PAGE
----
Google Buzz has been accused of a lot of things in recent days – it's too busy, it's too buzzy, it needlessly exposed our personal information to the world. But is it worth a lawsuit? According to a woman named Eva Hibnick, the answer is yes. This week, Hibnick filed suit in a San Jose federal court, alleging that Google Buzz violated users' privacy, along with a whole host of communications laws, including the Computer Fraud and Abuse Act.
Hibnick is reportedly seeking cash for all Gmail users – there are millions – as well as a promise from Google that it will be more careful launching similar platforms in the future. Thus far, Google has declined comment. "We haven't yet been served, so we can't comment on the suit until we've had a chance to review it," a Google spokesperson told The San Francisco Chronicle.
The odds of this suit bringing any cash rewards for the plaintiffs, of course, are slim to none. But in a way, Hibnick has already made her point: news of the lawsuit is already the topic of thousands of blog posts, tweets, and status updates. Regardless of anyone's thoughts on the case, it's become a very real manifestation of the way some users feel about Buzz.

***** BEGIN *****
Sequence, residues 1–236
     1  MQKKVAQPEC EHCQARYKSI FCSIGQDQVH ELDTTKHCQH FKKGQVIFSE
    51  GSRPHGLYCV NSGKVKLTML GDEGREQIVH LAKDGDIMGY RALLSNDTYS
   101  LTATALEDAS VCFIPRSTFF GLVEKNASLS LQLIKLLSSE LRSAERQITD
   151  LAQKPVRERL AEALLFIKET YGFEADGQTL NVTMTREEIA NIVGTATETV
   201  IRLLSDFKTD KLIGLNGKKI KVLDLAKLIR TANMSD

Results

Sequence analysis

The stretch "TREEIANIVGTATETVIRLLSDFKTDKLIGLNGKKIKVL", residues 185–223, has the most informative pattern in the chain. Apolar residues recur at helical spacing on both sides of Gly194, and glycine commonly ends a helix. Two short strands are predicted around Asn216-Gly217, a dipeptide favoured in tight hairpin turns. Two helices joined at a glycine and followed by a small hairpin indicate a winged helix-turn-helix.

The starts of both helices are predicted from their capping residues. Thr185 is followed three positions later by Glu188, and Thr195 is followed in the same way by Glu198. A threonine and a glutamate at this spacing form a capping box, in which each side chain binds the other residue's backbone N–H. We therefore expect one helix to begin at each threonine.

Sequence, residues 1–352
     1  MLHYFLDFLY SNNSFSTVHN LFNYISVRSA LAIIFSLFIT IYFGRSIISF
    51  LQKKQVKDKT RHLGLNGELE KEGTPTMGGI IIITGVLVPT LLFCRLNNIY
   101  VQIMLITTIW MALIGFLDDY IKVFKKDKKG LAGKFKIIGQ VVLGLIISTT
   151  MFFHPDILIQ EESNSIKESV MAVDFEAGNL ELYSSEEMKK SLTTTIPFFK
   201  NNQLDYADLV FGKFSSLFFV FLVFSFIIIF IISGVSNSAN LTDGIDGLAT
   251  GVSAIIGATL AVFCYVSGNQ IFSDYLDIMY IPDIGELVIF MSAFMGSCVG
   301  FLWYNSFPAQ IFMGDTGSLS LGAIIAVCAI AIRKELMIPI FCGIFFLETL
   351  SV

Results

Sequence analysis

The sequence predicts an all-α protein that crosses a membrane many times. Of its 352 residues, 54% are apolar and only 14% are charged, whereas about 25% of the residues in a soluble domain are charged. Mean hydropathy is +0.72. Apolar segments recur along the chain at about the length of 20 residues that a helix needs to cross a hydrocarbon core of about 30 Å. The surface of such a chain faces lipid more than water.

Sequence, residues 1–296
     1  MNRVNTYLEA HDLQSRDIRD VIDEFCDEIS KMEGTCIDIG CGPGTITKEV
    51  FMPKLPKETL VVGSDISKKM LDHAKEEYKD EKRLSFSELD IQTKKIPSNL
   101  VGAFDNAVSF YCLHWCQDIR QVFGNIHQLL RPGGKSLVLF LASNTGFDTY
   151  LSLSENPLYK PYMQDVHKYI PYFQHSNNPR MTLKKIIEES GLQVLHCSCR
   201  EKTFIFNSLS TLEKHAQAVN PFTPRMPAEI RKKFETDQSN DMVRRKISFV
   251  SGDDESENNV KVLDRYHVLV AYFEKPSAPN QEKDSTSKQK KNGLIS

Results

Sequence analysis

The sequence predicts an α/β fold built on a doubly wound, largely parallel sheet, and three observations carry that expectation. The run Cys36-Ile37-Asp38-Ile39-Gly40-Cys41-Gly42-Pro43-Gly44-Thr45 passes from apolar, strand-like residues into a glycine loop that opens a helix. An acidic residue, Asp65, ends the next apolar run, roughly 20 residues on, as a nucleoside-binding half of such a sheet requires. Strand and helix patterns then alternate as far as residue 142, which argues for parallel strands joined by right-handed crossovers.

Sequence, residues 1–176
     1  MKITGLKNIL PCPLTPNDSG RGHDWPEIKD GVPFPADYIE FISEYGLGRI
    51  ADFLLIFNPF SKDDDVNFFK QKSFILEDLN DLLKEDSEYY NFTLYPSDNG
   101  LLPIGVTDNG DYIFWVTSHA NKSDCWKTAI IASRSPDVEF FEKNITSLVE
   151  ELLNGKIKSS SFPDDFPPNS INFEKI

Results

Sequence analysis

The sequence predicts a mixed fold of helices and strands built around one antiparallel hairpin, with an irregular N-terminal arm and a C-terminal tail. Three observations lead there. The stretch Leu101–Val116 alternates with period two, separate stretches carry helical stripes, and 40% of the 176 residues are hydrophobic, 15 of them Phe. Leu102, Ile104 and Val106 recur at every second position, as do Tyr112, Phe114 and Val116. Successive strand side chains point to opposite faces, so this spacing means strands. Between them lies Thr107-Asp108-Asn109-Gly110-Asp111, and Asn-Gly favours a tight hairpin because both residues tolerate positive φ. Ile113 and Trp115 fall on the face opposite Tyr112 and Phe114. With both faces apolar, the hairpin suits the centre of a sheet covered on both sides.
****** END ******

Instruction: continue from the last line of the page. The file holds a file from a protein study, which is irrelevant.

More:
As we reported yesterday, Bradley Horowitz, Google's VP of product management, has admitted that the Buzz backlash caught some of the folks at Google off-guard. Still, Horowitz stopped short of suggesting Google Buzz was handled improperly:
While the outcome was not something I would have wished for or predicted, the remedies and response of the team has really indicated to me that we have a great core competency at Google in terms of being able to develop social software, to be in dialogue with our users and to rapidly iterate an improve the product.
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